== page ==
Mr. Fisher: The Home Secretary said that his difficulty is that he can identify the people who put this country at risk, but cannot take action against them. We are not dealing with the problem of an unknown and undefinable enemy in the community; the Home Secretary, or the security forces, can identify the people who are likely to cause terrorist outrages in this country, but cannot act against them.

Mr. Howarth: My hon. Friend would be right if the intelligence available to the Home Secretary and Ministers was a single static body of knowledge. I am sure that the Committee agrees that intelligence gathering is a dynamic process. As time goes on, other people, although relatively small in number, may well be identified who will fall under the provisions proposed by my right hon. Friend. I hope that that will be the case. I suspect that, in such circumstances, he will want to use the power that is available to him. So, in direct response to my hon. Friend

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the Member for Stoke-on-Trent, Central and others, in times like these they must accept that an element of trust is involved.

Mr. Letwin: No one is denying for half a second that an element of trust is involved. We are entrusting to the Government the power, with relatively little parliamentary scrutiny, to implement measures of great concern. The question is whether that trust should prevail for years or whether we should have the opportunity to review the issue of whether our initial trust was well placed.

Mr. Howarth: I accept that entirely. If the hon. Gentleman had not intervened to make that point, I was going to go into that territory.

If the House and, by extension, those whom we represent are to give that trust, it follows that the House should have regard to the period for which the legislation should sensibly last and at what time a sunset clause should come into effect. I have given that trust to Labour Ministers and would happily give it to the hon. Member for West Dorset (Mr. Letwin) if he were in government. I do not think that that is an immediate prospect but, nevertheless, I would do so. My right hon. Friend the Home Secretary has listened and he has earned our trust. He decided that suggestions by the Select Committee on Home Affairs were sensible and signalled that he wished to take them on board.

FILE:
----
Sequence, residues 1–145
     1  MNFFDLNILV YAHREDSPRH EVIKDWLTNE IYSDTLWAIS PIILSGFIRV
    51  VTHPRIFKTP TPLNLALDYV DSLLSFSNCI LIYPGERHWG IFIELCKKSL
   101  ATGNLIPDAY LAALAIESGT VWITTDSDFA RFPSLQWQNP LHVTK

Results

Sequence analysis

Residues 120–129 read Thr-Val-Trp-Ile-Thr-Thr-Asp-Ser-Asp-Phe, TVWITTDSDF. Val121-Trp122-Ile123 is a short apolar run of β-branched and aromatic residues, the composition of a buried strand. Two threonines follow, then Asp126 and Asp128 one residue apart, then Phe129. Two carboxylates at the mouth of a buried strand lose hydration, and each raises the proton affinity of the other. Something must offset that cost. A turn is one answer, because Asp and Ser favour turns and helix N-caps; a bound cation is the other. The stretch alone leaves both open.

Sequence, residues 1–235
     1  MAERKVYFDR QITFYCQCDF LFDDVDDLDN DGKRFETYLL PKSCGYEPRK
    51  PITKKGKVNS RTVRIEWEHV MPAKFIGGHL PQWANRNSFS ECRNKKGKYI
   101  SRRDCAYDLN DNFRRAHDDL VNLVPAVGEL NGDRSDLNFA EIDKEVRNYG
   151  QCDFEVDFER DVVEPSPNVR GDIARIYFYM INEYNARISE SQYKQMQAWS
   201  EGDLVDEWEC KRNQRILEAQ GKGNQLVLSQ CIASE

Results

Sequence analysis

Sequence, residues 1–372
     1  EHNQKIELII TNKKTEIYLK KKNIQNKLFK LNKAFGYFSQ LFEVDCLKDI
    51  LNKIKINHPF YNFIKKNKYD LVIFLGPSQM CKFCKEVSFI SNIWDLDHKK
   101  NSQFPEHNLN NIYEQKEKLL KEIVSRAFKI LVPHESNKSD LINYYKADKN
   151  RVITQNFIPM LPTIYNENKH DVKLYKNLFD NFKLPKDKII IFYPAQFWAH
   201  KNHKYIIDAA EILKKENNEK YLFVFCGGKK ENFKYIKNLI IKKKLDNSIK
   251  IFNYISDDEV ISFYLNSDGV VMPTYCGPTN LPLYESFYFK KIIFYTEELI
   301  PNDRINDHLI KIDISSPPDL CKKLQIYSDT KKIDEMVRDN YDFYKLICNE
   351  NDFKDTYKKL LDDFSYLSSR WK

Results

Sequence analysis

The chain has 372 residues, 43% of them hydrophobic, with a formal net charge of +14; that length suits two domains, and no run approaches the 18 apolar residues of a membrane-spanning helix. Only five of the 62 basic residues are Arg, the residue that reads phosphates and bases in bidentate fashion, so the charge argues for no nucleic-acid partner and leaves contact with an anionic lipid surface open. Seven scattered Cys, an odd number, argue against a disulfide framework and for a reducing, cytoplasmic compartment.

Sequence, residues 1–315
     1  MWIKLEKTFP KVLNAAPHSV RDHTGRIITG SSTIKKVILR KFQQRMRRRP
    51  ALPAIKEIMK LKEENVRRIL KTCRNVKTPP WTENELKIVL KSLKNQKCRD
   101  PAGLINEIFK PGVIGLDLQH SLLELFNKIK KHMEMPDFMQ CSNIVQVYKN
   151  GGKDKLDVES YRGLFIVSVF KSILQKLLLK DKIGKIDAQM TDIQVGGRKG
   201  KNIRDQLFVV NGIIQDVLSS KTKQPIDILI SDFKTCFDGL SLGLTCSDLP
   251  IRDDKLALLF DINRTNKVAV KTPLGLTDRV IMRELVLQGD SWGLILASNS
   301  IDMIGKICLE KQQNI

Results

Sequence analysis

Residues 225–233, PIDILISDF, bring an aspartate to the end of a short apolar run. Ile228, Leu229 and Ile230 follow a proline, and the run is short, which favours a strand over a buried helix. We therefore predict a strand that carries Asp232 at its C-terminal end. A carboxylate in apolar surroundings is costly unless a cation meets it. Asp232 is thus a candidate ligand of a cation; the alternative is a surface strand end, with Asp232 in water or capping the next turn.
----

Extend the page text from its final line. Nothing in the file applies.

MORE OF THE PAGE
Norman Baker (Lewes): Does the hon. Gentleman understand that we would all be more willing to trust the Home Secretary completely if the Bill was narrowly focused, concentrated on anti-terrorist measures and not packed full of stuff that has been lying in a Home Office cupboard for months?

Mr. Howarth: If I strayed from the immediate point, you would pull me up, Sir Michael. However, the argument that the Bill has somehow managed to attract unconnected clauses for the Government's convenience is, frankly, a naive reading of the situation. The truth is that the Bill's provisions are connected. Having spent two years as a junior Minister in the Northern Ireland Office, I am well aware of the connections between all the clauses; there is an overarching theme, and the Bill is not just a loose connection of good ideas that somebody has decided to throw together. The point made by the hon. Member for Lewes (Norman Baker) does not stand up.

Lynne Jones (Birmingham, Selly Oak) rose

Mr. Letwin rose

Mr. Howarth: I shall give way to my hon. Friend the Member for Birmingham, Selly Oak (Lynne Jones) first and then the hon. Member for West Dorset, but after that I really must try to conclude my remarks.

Lynne Jones: My hon. Friend said that the Government listened to the Home Affairs Select Committee, but that is not completely true. The Home Secretary accepted its recommendation on the five-year sunset clause, but not its concerns about the time needed to debate the Bill in the House. He did not accept those

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reservations when they were made by the Joint Committee on Human Rights, either. Surely, the two things go hand in hand.

Mr. Howarth: I am in some difficulty, as I do not know whether the Front Bench wants time to respond before 6 o'clock. I am sure that somebody will signal if that is the case.

I listened carefully to my right hon. Friend the Home Secretary, who said that he was persuaded by the recommendation of the Home Affairs Committee on the sunset clause. He went on to say that there were other areas on which he was prepared to continue listening to advice. I am prepared to give him more than the benefit of the doubt, as he has already demonstrated his willingness to listen.

I said that I would give way to the hon. Member for West Dorset—[Interruption.] He has declined the opportunity.